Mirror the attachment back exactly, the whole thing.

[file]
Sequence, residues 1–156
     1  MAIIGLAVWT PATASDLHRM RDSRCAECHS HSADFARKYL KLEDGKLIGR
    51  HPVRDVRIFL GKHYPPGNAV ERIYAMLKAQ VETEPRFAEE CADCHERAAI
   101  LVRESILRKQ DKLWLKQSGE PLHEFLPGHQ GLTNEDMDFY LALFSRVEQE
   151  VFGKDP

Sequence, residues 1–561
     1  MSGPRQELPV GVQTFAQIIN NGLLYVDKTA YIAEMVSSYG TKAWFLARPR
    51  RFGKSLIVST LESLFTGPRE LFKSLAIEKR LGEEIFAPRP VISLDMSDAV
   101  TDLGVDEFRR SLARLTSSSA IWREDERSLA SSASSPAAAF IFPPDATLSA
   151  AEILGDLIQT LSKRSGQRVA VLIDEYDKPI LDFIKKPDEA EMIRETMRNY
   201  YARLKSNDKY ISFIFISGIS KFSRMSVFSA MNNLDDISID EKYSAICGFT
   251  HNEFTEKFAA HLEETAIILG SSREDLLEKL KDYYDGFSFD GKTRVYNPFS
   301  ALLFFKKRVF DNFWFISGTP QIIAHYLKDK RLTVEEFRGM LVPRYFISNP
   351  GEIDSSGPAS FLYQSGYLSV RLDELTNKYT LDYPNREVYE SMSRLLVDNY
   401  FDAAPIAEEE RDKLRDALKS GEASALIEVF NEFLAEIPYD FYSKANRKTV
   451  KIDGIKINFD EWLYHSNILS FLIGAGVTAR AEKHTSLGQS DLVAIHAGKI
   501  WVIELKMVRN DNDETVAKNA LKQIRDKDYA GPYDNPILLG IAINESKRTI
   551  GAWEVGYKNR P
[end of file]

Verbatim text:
Sequence, residues 1–156
     1  MAIIGLAVWT PATASDLHRM RDSRCAECHS HSADFARKYL KLEDGKLIGR
    51  HPVRDVRIFL GKHYPPGNAV ERIYAMLKAQ VETEPRFAEE CADCHERAAI
   101  LVRESILRKQ DKLWLKQSGE PLHEFLPGHQ GLTNEDMDFY LALFSRVEQE
   151  VFGKDP

Sequence, residues 1–561
     1  MSGPRQELPV GVQTFAQIIN NGLLYVDKTA YIAEMVSSYG TKAWFLARPR
    51  RFGKSLIVST LESLFTGPRE LFKSLAIEKR LGEEIFAPRP VISLDMSDAV
   101  TDLGVDEFRR SLARLTSSSA IWREDERSLA SSASSPAAAF IFPPDATLSA
   151  AEILGDLIQT LSKRSGQRVA VLIDEYDKPI LDFIKKPDEA EMIRETMRNY
   201  YARLKSNDKY ISFIFISGIS KFSRMSVFSA MNNLDDISID EKYSAICGFT
   251  HNEFTEKFAA HLEETAIILG SSREDLLEKL KDYYDGFSFD GKTRVYNPFS
   301  ALLFFKKRVF DNFWFISGTP QIIAHYLKDK RLTVEEFRGM LVPRYFISNP
   351  GEIDSSGPAS FLYQSGYLSV RLDELTNKYT LDYPNREVYE SMSRLLVDNY
   401  FDAAPIAEEE RDKLRDALKS GEASALIEVF NEFLAEIPYD FYSKANRKTV
   451  KIDGIKINFD EWLYHSNILS FLIGAGVTAR AEKHTSLGQS DLVAIHAGKI
   501  WVIELKMVRN DNDETVAKNA LKQIRDKDYA GPYDNPILLG IAINESKRTI
   551  GAWEVGYKNR P